||This biographical article needs additional citations for verification. (February 2012)|
|Fred Wallace Haise, Jr.|
November 14, 1933 |
|Other occupation||Test Pilot|
|Alma mater||University of Oklahoma|
|Time in space||5d 22h 54m|
|Selection||1966 NASA Group|
|Missions||Apollo 13, ALT|
Fred Wallace Haise, Jr. (// HAYZ; born November 14, 1933) is an American engineer and former NASA astronaut. He is one of only 24 humans to have flown to the Moon, as Lunar Module Pilot on Apollo 13. He was to have been the sixth human to land and walk on the Moon, but the mission had to be aborted due to a spacecraft failure. He went on to fly Space Shuttle Approach and Landing Tests before retiring from NASA in 1979.
Early life and education
Haise was born in Biloxi, Mississippi. He attended Biloxi High School and Perkinston Junior College (now Mississippi Gulf Coast Community College). He graduated with honors in aeronautical engineering from the University of Oklahoma in 1959. He completed post-graduate courses at the USAF Aerospace Test Pilot School at Edwards Air Force Base in 1964 and the Harvard Business School PMD Program in 1972.
In 1966, Haise was one of 19 new astronauts selected for NASA Astronaut Group 5. He had already been working with NASA for several years as a civilian research pilot. He was the first astronaut among his class to be assigned to a mission, serving as backup lunar module pilot for both Apollo 8 and Apollo 11.
Haise flew as the lunar module pilot on the aborted Apollo 13 lunar mission in 1970. Due to the free return trajectory on this mission, Haise, and Jim Lovell and Jack Swigert, the other two astronauts on Apollo 13, likely hold the record for the furthest distance from the Earth ever traveled by human beings. Haise was slated to become the sixth human to walk on the Moon during Apollo 13 behind Lovell, who was to be fifth. Alan Shepard and Edgar Mitchell eventually became the fifth and sixth, respectively, on Apollo 14, which completed Apollo 13's mission to the Fra Mauro formation.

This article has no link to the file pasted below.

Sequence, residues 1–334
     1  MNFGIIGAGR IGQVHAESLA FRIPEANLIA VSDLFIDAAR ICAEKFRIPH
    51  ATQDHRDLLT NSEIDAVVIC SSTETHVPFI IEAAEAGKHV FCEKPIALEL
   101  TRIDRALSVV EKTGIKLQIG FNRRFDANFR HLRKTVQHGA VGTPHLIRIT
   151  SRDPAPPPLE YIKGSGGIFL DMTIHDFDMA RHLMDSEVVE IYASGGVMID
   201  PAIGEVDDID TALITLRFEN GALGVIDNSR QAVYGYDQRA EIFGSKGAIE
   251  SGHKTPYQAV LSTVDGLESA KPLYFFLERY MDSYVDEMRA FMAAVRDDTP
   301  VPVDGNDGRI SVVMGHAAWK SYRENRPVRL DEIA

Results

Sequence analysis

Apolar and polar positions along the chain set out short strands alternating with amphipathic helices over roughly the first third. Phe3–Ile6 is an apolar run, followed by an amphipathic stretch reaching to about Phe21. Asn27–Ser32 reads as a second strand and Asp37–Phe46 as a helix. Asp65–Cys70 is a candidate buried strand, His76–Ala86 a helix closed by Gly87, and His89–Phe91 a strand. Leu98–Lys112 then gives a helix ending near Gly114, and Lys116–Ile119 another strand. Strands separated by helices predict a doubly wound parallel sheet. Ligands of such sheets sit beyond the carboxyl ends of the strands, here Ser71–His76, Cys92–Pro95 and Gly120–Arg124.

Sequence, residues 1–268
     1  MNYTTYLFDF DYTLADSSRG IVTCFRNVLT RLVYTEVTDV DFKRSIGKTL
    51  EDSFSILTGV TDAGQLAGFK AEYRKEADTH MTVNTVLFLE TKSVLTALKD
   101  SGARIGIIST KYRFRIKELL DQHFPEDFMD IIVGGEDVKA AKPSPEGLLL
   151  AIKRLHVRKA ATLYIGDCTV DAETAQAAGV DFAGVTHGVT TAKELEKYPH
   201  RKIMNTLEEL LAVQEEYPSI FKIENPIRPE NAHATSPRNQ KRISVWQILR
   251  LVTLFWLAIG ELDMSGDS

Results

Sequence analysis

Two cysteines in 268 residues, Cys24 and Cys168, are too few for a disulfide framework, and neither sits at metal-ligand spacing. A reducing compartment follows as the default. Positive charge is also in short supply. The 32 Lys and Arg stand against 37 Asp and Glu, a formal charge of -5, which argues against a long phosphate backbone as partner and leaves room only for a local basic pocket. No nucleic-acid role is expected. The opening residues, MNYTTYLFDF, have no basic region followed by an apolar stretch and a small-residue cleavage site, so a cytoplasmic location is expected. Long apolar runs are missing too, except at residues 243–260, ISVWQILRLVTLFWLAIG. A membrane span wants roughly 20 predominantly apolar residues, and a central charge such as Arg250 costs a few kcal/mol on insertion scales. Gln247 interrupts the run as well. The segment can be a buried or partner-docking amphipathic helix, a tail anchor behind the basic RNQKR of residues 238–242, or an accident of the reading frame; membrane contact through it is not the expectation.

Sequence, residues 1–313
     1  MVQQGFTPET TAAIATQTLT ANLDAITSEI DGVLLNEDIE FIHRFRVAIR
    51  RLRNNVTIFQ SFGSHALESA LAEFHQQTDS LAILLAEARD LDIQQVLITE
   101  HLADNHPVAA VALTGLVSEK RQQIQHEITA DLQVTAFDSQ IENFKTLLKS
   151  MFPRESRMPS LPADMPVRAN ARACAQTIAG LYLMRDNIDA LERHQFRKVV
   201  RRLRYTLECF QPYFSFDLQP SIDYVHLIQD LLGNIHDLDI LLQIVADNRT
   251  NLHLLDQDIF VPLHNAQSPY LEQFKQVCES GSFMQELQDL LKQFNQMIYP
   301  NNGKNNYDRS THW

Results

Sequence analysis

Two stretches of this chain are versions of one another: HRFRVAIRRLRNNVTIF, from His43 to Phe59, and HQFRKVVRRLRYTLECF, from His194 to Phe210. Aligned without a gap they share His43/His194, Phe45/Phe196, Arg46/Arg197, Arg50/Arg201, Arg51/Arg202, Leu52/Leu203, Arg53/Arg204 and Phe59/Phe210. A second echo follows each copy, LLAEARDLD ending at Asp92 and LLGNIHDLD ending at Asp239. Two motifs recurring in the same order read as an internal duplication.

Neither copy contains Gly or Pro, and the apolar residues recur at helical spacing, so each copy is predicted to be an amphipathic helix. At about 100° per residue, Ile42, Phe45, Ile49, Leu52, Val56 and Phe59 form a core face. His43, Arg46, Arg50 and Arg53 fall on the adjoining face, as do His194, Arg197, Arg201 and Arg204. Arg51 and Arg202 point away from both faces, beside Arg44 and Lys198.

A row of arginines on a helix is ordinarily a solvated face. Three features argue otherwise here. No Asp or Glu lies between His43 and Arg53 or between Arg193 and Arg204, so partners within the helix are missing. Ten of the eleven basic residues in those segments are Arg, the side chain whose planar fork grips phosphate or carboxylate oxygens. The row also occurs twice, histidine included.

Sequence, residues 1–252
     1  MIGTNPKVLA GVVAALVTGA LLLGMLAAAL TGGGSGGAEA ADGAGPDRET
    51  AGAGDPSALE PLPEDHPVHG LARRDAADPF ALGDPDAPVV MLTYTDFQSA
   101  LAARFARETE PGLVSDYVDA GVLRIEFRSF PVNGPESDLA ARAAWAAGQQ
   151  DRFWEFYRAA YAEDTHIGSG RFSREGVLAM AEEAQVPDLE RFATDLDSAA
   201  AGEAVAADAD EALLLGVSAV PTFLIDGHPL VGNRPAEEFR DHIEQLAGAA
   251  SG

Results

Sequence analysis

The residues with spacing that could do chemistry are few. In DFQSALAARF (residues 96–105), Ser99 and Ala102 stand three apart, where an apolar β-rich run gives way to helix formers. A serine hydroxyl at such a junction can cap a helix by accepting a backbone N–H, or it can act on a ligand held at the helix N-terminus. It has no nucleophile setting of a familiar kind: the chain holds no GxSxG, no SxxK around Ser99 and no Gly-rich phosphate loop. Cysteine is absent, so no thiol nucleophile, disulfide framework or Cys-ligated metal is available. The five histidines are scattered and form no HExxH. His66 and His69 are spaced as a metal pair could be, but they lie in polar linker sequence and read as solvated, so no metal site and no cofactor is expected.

Haise remained in the astronaut rotation and served as the backup mission commander for Apollo 16. Though there was no formal selection, Haise was prospectively slated to command Apollo 19 with William Pogue as command module pilot and Gerald Carr as lunar module pilot. However, the mission was canceled in late 1970 due to budget cuts.
Space Shuttle Approach and Landing Tests
After completing his backup assignment on Apollo 16, Haise moved over to the Space Shuttle program. In 1977, he participated in the program's Approach and Landing Tests at Edwards Air Force Base. Along with C. Gordon Fullerton as pilot, Haise as commander piloted the Space Shuttle Enterprise in free flight to three successful landings after being released from the Shuttle Carrier Aircraft. These tests successfully verified the shuttle's flight characteristics, an important step toward the overall success of the program.
Haise was originally slated to command the second Space Shuttle mission, which would have delivered a booster module that would have boosted the Skylab space station to a higher orbit, preserving it for future use. However, delays in the Shuttle program development as well as an unexpected increase in Skylab's orbital decay led to the mission being abandoned. Skylab was destroyed upon entering the Earth's atmosphere in July 1979, while the Space Shuttle did not launch until April 1981.
Honors and awards
- Presidential Medal of Freedom in 1970 by President Richard Nixon
- NASA Distinguished Service Medal
- Astronaut Hall of Fame
In popular culture
- Say How? A Pronunciation Guide to Names of Public Figures
- "Astronaut Bio: Fred Haise". NASA, Lyndon B. Johnson Space Center. January 1996. Retrieved May 8, 2013.
- Tom Jones "Disaster at a Distant Moon," American Heritage, Fall 2008.
- Spacefacts biography of Fred Haise
- Short audio interview on Astrotalkuk.org during his visit to UK in 2009